Loss of last bank in Axminster prompts MP call for more ‘hubs’

The loss of the last-remaining bank in Axminster has seen the town’s MP call on the government to introduce more ‘hubs’. 

Richard Foord made the call to a Westminster Hall debate on a public petition to require businesses and services to accept cash payments.

The Liberal Democrat MP for Tiverton and Honiton said people are increasingly having less access to their own money because of bank closures, writes Local Democracy Reporter Ollie Heptinstall

Mr Food raised the case of Axminster, which lost its last bank branch in November, and added that HSBC in Honiton is closing this summer.

“This issue is affecting in quite a miserable fashion some of the small businesses that depend on being able to deposit and withdraw money locally,” said Mr Foord.

“We have spent 2,000 years in this country handling real currency. Coins and, in more recent years, notes have been with us for such a long time. I am therefore alarmed that our generation might see the end of real hard currency.

“I am most concerned about the plight of older people … I get stacks of correspondence from elderly constituents who just cannot abide trying to remember the PIN for a card that they have no assurance works, and have no faith or trust is reliable.”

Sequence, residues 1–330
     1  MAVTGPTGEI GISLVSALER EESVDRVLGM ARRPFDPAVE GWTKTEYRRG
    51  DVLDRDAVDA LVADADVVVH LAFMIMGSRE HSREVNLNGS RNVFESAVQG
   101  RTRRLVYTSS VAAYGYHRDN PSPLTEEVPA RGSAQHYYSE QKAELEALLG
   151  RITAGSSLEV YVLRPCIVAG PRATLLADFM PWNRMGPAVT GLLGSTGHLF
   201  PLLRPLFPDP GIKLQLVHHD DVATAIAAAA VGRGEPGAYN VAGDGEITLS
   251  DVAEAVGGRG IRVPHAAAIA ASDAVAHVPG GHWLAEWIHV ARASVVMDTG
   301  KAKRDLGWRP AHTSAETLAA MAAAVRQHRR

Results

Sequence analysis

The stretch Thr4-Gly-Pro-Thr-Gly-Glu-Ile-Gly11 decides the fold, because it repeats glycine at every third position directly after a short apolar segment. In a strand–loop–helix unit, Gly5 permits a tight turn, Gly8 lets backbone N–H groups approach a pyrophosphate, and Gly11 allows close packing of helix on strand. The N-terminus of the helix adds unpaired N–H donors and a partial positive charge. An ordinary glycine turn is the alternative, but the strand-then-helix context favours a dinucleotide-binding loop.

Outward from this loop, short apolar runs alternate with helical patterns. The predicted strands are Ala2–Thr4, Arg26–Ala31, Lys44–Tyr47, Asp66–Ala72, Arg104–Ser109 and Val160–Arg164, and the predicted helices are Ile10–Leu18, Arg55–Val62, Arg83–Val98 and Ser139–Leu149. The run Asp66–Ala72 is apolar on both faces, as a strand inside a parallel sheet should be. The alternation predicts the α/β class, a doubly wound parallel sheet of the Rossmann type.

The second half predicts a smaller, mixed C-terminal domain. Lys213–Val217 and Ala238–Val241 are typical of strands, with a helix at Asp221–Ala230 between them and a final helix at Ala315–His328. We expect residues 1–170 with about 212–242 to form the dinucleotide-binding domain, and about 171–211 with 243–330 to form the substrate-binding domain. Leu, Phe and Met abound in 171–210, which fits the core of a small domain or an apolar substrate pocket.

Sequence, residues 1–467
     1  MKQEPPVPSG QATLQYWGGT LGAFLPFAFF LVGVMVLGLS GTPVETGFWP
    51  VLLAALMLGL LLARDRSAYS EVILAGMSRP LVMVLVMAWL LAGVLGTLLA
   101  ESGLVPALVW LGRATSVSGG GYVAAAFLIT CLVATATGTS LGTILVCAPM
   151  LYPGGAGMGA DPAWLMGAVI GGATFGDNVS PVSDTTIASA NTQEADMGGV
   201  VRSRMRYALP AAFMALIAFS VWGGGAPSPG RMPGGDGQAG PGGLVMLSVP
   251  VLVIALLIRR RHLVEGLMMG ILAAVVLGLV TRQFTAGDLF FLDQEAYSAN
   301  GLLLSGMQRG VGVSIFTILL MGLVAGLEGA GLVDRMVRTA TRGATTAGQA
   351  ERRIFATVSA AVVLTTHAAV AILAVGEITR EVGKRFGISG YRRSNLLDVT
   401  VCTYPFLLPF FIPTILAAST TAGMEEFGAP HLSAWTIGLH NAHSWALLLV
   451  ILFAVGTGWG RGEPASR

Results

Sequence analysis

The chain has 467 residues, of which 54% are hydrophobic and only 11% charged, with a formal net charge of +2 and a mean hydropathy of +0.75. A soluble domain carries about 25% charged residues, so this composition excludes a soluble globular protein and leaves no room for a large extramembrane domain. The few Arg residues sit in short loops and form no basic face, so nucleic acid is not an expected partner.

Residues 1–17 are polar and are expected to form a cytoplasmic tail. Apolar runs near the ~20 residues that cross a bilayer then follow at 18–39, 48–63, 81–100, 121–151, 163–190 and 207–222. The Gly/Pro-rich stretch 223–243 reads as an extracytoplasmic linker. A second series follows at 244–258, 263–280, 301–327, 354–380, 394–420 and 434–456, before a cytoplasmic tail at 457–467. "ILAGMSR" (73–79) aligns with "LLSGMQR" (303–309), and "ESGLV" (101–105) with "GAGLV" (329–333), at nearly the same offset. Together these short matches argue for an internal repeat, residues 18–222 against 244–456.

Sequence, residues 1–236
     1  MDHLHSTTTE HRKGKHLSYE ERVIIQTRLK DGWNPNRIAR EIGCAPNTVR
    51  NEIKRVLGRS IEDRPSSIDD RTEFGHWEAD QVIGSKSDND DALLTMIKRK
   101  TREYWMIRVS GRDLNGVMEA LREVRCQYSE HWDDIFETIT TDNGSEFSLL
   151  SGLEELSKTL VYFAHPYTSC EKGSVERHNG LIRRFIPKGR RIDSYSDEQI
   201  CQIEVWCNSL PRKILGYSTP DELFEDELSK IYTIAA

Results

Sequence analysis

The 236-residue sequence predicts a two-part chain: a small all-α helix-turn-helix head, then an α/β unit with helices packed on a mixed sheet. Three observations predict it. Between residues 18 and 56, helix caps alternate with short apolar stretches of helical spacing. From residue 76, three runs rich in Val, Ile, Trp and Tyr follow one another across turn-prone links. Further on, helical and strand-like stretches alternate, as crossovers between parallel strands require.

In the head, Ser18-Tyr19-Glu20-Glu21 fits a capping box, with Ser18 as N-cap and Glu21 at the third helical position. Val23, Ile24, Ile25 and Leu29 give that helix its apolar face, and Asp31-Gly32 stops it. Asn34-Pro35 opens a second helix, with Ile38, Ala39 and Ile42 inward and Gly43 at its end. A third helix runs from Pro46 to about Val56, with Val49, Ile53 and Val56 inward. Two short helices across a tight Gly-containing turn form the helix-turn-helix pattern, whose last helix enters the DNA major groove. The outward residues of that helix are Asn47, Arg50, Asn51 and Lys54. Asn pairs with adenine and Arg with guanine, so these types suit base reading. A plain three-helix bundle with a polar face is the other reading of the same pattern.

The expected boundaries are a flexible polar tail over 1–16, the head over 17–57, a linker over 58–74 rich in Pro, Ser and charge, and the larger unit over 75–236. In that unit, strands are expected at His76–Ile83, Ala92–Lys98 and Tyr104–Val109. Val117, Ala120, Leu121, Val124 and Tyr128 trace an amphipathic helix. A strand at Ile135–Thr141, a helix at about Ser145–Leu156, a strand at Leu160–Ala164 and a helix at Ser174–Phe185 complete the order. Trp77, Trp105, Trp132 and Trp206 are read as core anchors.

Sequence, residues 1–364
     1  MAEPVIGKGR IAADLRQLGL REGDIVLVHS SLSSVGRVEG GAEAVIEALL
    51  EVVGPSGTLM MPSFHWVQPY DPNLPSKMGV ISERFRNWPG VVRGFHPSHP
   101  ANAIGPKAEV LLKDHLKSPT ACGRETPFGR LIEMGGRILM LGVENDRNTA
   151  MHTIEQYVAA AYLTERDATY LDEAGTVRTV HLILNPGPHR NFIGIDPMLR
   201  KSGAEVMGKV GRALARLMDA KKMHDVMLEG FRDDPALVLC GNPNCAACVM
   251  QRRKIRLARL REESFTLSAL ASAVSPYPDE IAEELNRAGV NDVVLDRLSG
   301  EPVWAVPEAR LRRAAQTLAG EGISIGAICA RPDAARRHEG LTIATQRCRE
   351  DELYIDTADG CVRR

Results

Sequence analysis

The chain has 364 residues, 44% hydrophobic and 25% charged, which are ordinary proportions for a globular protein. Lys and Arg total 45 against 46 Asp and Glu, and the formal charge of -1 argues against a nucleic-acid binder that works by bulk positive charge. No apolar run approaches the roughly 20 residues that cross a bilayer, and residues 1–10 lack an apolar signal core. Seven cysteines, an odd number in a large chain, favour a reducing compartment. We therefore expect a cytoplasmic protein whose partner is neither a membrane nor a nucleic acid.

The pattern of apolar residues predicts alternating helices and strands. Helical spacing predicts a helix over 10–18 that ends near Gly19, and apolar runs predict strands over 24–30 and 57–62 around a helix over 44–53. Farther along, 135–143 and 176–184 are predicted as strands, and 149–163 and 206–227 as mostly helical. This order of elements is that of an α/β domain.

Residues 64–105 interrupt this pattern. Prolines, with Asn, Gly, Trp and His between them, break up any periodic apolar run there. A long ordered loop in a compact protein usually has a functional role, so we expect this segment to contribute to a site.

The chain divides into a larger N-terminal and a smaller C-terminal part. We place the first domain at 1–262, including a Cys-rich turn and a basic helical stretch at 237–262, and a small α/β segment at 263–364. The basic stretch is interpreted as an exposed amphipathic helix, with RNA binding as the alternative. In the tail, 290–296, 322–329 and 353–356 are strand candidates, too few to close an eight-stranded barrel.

Mr Foord asked the economic secretary to the treasury, Andrew Griffith, when Axminster will be getting a new banking hub. Talks have been ongoing to create one, but it has yet to materialise.

Banking hubs allow customers from different banks to deposit and withdraw money. They are also visited by representatives from each bank to discuss more complicated issues.

Mr Griffith said: “There are 70 cash hubs on their way. Members throughout the House [of Commons], including a number of [Mr Foord’s] colleagues in Devon, have procured them.

“It sometimes takes a little while for them to appear because of planning issues or the need to get the right power arrangements and safe access in place for constituents.”

On the wider debate around whether Britain was becoming a cashless society, Mr Griffith said: “There is no plan, no drive and no conspiracy to eliminate cash.

“This government continues to support the ability of citizens to use cash as an alternative to digital payments, and I am proud that the government are taking legislative steps to support the use of cash well into the foreseeable future.”

He said access to cash and the ability to deposit it will be protected by law.

East Devon employment site plans aims to create hundreds of new jobs in Seaton and Axminster